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Neurology. 2013 Dec 10;81(24):2116-20. doi: 10.1212/01.wnl.0000437301.28441.7e. Epub 2013 Nov 8.

Is IVIg therapy warranted in progressive lower motor neuron syndromes without conduction block?

Author information

1
From the Department of Neurology (N.G.S., C.L.-H.), University of California, San Francisco; and Walgreens IG Program (G.A.), Chicago, IL.

Abstract

OBJECTIVE:

To evaluate the likelihood of response to IV immunoglobulin (IVIg) by studying consecutive patients presenting with progressive, asymmetric, pure lower motor neuron (LMN) limb weakness, and to determine the clinical phenotype of those who respond.

METHODS:

Thirty-one consecutive patients with progressive, focal-onset LMN limb weakness, without evidence of clinical upper motor neuron signs; sensory, respiratory, or bulbar involvement; or evidence of motor nerve conduction block on electrodiagnostic studies, were prospectively included in this study. Each patient underwent treatment with IVIg (2 g/kg) for a minimum of 3 months. Electrodiagnostic studies, a neuromuscular symptom score, and expanded Medical Research Council sum score were documented before and after IVIg treatment. The final diagnosis was determined after prolonged clinical follow-up.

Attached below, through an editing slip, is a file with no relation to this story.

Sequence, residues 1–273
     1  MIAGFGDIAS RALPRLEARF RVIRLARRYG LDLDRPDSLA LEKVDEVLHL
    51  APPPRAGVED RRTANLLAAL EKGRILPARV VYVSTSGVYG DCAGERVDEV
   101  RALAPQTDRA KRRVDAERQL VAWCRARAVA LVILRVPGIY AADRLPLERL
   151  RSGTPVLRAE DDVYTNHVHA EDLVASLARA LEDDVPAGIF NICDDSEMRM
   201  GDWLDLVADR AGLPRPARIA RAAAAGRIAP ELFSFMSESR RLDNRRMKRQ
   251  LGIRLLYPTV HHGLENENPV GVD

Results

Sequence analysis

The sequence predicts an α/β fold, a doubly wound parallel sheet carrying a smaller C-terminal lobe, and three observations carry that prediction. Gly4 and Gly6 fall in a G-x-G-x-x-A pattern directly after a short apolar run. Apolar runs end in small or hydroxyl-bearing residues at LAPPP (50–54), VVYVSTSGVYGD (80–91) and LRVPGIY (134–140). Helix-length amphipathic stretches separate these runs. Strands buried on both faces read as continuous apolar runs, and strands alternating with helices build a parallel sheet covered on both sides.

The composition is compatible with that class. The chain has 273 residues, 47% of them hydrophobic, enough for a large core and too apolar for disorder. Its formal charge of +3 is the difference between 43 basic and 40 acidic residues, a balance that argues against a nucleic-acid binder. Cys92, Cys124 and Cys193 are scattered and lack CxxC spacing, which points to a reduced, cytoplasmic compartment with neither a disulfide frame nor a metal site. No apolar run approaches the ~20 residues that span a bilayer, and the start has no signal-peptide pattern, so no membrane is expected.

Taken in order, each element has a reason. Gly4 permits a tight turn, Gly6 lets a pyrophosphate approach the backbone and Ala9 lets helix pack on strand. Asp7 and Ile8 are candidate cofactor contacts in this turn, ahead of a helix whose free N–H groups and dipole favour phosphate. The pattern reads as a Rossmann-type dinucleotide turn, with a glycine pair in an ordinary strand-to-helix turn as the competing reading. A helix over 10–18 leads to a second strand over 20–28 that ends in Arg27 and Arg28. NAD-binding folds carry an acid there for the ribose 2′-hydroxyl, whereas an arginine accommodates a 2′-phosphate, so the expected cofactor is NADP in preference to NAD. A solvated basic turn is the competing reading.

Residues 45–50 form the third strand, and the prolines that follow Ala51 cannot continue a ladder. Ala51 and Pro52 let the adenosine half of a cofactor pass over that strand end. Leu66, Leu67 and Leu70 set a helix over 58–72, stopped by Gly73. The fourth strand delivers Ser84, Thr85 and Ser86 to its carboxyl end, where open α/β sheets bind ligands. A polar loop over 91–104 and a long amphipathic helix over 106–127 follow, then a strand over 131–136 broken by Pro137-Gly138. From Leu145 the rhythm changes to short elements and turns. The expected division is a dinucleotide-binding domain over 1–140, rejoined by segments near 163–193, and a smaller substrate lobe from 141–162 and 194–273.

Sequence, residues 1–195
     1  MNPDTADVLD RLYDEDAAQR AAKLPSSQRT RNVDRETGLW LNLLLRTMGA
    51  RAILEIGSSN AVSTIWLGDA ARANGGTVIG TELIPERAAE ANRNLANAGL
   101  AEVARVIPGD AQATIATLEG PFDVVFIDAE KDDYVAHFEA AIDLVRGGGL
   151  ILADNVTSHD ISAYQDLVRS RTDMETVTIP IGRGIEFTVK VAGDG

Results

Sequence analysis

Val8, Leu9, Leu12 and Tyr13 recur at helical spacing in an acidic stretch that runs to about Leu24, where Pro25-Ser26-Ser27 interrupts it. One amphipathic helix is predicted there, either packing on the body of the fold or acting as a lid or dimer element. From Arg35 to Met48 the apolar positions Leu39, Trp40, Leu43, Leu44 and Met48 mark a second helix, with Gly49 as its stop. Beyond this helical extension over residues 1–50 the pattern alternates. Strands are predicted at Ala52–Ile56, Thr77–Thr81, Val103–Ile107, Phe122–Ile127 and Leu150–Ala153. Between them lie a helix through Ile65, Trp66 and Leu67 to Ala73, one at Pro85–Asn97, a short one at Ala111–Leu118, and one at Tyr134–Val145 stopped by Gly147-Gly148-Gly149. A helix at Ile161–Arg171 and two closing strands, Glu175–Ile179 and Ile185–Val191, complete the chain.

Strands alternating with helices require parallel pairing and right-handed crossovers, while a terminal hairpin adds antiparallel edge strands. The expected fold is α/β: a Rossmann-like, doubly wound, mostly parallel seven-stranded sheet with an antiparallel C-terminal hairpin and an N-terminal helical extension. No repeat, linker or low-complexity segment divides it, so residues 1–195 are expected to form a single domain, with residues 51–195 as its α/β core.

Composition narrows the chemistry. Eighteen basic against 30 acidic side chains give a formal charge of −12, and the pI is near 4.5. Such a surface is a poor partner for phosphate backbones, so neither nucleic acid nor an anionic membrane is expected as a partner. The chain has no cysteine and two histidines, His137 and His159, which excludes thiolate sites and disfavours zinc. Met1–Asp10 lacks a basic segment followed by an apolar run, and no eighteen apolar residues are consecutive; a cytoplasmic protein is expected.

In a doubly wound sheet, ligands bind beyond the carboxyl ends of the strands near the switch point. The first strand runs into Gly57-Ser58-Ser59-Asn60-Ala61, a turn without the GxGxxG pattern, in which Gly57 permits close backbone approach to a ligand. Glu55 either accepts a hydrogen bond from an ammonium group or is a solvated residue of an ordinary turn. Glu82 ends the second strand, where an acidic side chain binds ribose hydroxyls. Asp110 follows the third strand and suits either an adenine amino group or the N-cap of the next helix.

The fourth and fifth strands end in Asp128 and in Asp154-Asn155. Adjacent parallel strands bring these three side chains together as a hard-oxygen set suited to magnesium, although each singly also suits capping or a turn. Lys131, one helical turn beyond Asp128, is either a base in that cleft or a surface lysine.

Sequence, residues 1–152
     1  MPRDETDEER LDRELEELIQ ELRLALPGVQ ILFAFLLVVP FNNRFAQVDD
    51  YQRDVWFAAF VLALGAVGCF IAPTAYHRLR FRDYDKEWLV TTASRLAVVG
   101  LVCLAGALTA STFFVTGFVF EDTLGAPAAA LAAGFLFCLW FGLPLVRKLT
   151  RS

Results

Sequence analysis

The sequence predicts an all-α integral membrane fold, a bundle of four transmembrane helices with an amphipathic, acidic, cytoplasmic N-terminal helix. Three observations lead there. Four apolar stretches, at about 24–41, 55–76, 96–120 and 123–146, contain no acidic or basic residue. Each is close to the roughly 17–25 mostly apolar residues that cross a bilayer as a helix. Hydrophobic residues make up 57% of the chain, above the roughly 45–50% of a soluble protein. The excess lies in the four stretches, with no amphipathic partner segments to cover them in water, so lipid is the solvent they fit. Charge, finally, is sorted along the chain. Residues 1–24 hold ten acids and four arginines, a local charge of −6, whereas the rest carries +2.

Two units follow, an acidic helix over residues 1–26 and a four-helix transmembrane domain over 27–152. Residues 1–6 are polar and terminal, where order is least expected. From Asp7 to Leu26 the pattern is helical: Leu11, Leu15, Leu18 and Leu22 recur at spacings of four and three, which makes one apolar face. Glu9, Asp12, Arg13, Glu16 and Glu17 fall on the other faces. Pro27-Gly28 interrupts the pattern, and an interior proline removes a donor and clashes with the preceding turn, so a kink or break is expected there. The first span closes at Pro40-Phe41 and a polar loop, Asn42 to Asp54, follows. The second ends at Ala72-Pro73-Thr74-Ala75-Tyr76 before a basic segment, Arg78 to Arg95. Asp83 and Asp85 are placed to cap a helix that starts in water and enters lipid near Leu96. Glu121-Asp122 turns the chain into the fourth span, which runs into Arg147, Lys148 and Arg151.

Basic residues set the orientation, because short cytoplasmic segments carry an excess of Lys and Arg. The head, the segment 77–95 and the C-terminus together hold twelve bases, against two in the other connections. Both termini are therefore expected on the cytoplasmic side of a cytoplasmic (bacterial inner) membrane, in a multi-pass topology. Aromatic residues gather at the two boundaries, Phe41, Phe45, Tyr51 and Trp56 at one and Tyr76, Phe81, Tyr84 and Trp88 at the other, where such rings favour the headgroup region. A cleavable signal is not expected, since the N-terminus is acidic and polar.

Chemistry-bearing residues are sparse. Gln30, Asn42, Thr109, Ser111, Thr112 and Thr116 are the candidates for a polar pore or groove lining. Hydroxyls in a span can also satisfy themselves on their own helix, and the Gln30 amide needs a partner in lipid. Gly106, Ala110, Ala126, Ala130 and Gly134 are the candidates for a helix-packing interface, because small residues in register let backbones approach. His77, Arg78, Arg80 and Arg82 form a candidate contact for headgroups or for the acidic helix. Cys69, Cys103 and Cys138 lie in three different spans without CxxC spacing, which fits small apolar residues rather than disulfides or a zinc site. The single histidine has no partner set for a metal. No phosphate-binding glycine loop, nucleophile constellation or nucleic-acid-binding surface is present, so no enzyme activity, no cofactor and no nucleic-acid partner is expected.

RESULTS:

Only 3 of 31 patients (10%) responded to IVIg. All responders demonstrated distal upper limb-onset weakness, EMG abnormalities confined to the clinically weak muscles, and a normal creatine kinase. This set of features was also identified in 31% of nonresponders presenting with distal upper limb weakness. Sex, age at onset, number of involved limb regions, and the duration of symptoms before treatment were not significantly different between groups.

CONCLUSION:

The findings of the present study do not support uniform use of IVIg in patients presenting with progressive asymmetric LMN limb weakness. It is suggested that IVIg treatment be limited to patients who demonstrate clinical and laboratory features suggestive of multifocal motor neuropathy.

CLASSIFICATION OF EVIDENCE:

This study provides Class IV evidence that IVIg will not improve muscle function in 90% of patients with progressive, asymmetric, pure LMN weakness.

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